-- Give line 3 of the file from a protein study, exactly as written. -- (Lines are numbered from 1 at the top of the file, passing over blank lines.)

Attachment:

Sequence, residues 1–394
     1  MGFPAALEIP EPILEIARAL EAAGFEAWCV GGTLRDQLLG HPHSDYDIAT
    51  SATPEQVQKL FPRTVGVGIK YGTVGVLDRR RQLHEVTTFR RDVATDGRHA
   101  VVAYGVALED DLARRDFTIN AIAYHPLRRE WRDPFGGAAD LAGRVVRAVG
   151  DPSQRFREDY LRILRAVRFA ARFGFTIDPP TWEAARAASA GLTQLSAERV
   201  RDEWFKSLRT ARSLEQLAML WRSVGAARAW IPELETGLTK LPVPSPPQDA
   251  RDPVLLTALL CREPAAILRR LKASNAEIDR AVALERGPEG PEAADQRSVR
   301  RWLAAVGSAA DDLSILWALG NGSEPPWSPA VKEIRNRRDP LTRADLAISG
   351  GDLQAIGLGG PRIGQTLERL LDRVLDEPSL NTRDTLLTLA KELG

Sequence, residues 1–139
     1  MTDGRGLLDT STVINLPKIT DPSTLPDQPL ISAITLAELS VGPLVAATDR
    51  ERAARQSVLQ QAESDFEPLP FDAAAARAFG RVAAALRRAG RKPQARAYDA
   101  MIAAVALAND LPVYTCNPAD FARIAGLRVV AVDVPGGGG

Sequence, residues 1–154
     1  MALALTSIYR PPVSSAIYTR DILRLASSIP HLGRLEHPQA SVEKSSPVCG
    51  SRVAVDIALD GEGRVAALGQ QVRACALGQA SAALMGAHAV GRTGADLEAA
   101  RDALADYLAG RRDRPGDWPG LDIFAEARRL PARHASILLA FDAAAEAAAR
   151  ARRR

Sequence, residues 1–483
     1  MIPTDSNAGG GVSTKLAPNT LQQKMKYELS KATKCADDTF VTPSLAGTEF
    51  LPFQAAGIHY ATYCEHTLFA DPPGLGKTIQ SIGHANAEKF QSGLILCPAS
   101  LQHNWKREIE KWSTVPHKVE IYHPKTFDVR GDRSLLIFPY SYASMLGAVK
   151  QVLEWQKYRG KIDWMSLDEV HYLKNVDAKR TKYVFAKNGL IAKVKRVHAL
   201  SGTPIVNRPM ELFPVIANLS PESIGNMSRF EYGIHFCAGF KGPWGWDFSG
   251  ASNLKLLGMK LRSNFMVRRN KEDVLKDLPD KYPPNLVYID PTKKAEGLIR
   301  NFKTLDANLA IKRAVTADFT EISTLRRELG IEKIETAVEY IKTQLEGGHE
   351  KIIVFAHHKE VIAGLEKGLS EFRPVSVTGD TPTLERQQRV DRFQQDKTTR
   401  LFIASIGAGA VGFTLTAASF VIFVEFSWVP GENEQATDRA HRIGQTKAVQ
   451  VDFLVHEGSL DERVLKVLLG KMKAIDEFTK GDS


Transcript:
    51  SATPEQVQKL FPRTVGVGIK YGTVGVLDRR RQLHEVTTFR RDVATDGRHA